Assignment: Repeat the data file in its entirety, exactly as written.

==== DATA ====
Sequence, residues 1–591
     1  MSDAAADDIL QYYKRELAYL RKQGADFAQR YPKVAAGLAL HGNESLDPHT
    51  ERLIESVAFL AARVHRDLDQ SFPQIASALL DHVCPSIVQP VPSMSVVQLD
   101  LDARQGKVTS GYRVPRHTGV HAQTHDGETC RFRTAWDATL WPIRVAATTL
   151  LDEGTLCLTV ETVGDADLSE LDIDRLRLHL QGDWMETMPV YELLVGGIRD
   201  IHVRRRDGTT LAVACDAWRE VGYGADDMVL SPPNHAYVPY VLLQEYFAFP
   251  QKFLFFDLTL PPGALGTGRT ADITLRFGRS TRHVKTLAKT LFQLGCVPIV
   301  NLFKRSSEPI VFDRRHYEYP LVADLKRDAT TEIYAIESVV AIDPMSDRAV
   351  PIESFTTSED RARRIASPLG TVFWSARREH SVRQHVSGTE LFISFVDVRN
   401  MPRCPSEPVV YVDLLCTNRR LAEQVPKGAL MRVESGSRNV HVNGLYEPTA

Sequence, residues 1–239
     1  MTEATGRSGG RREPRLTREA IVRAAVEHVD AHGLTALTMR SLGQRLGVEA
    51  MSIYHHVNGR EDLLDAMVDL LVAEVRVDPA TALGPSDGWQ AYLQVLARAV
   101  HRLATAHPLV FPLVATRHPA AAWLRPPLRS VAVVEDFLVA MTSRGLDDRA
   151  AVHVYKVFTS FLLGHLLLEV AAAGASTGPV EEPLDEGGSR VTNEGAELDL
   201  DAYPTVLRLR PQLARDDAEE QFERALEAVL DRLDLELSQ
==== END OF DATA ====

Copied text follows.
Sequence, residues 1–591
     1  MSDAAADDIL QYYKRELAYL RKQGADFAQR YPKVAAGLAL HGNESLDPHT
    51  ERLIESVAFL AARVHRDLDQ SFPQIASALL DHVCPSIVQP VPSMSVVQLD
   101  LDARQGKVTS GYRVPRHTGV HAQTHDGETC RFRTAWDATL WPIRVAATTL
   151  LDEGTLCLTV ETVGDADLSE LDIDRLRLHL QGDWMETMPV YELLVGGIRD
   201  IHVRRRDGTT LAVACDAWRE VGYGADDMVL SPPNHAYVPY VLLQEYFAFP
   251  QKFLFFDLTL PPGALGTGRT ADITLRFGRS TRHVKTLAKT LFQLGCVPIV
   301  NLFKRSSEPI VFDRRHYEYP LVADLKRDAT TEIYAIESVV AIDPMSDRAV
   351  PIESFTTSED RARRIASPLG TVFWSARREH SVRQHVSGTE LFISFVDVRN
   401  MPRCPSEPVV YVDLLCTNRR LAEQVPKGAL MRVESGSRNV HVNGLYEPTA

Sequence, residues 1–239
     1  MTEATGRSGG RREPRLTREA IVRAAVEHVD AHGLTALTMR SLGQRLGVEA
    51  MSIYHHVNGR EDLLDAMVDL LVAEVRVDPA TALGPSDGWQ AYLQVLARAV
   101  HRLATAHPLV FPLVATRHPA AAWLRPPLRS VAVVEDFLVA MTSRGLDDRA
   151  AVHVYKVFTS FLLGHLLLEV AAAGASTGPV EEPLDEGGSR VTNEGAELDL
   201  DAYPTVLRLR PQLARDDAEE QFERALEAVL DRLDLELSQ